Lawmakers are wrapping up one of their biggest responsibilities of the 120-day legislative session by reviewing and passing five bills implementing the state budget.
The five measures are the culmination of months of vetting and adjustments of the governor’s recommended two-year budget and allocate not only the $9.1 billion the state expects to bring in through tax revenue over the next two years, but guide spending of certain federal and fee funds.
Once drafted by legislative staff, the budget bills generally can’t be amended if legislators plan to close down the session within 120 days. Here’s a look at what’s in the budget bills introduced this session and their status.
K-12 FUNDING (SB458)
STATUS: Passed 21-0 in Senate and 41-0 in Assembly.
Nevada lawmakers are constitutionally required to approve funding for K-12 education before other areas of the budget. The bill to do that includes:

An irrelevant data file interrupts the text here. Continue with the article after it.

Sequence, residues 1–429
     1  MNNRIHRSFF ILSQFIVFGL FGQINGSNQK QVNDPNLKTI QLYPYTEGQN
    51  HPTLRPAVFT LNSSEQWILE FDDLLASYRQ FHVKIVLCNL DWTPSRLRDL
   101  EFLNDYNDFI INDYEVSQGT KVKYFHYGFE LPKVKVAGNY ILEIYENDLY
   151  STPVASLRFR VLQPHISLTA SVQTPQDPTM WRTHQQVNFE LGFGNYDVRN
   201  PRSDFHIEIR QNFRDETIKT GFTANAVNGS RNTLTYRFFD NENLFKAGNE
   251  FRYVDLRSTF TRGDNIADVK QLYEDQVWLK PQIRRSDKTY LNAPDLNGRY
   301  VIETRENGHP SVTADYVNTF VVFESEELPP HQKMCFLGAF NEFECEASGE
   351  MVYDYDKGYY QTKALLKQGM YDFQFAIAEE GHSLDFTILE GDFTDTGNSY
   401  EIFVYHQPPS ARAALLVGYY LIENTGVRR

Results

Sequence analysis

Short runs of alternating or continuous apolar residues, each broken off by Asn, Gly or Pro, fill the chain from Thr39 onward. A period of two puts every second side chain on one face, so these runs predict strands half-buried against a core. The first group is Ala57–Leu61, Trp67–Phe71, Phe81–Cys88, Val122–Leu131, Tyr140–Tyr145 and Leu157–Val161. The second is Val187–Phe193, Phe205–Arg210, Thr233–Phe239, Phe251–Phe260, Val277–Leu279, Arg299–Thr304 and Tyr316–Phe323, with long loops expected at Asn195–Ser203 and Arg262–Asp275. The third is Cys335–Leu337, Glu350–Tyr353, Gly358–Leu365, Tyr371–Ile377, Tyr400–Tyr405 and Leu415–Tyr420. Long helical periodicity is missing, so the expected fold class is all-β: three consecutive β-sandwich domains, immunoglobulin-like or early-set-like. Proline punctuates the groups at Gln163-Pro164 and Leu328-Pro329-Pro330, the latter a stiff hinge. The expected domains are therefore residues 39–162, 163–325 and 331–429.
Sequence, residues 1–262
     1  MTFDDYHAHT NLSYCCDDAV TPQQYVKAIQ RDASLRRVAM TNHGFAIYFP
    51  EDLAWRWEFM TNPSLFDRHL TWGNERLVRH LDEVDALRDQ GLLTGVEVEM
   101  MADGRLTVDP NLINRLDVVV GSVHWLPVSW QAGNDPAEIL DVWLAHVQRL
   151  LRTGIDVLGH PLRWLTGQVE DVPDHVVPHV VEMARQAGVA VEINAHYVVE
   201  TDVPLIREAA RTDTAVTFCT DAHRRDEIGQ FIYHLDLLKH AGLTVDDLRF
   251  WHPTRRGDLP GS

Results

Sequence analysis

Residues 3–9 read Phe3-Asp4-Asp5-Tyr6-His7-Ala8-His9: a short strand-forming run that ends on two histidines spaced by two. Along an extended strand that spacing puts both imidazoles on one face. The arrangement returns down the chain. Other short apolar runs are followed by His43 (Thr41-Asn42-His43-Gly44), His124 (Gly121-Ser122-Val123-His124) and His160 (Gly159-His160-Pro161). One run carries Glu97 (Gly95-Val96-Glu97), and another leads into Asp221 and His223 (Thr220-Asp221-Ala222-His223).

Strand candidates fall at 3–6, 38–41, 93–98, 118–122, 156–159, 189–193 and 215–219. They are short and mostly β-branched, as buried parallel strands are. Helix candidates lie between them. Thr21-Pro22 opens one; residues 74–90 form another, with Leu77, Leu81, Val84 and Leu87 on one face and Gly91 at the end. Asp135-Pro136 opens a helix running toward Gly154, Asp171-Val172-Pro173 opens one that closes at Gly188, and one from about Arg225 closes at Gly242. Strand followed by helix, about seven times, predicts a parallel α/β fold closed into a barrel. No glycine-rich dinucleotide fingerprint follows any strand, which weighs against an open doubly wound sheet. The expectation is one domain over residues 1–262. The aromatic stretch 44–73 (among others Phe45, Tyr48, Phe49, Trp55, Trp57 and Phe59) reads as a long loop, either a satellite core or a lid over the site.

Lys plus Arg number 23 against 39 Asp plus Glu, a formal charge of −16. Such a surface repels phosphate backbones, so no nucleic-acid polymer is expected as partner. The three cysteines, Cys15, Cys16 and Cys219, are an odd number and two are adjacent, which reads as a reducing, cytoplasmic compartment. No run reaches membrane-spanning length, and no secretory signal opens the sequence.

Total public support at an average of $10,204 per pupil in the upcoming fiscal year and $10,290 in the following fiscal year. That amounts to a $115 per-pupil reduction from the levels the 2019 Legislature approved for the current fiscal year to the upcoming one. Statewide base per-pupil funding of $6,980 for the first fiscal year of the upcoming biennium and $7,074 in the second fiscal year. Additional weighted funds will be calculated using the statewide base per-pupil funding amount, with the multipliers set at 0.24 for English learners, 0.03 for at-risk students and 0.12 for gifted and talented students. The Clark County School District, for instance, would receive $61.9 million of weighted funds for English learners, $45.4 million for at-risk students and $3.8 million for gifted students in the upcoming fiscal year. The adjusted base per-pupil funding amounts — which take into account variation in local costs — in the 2021-2022 fiscal year range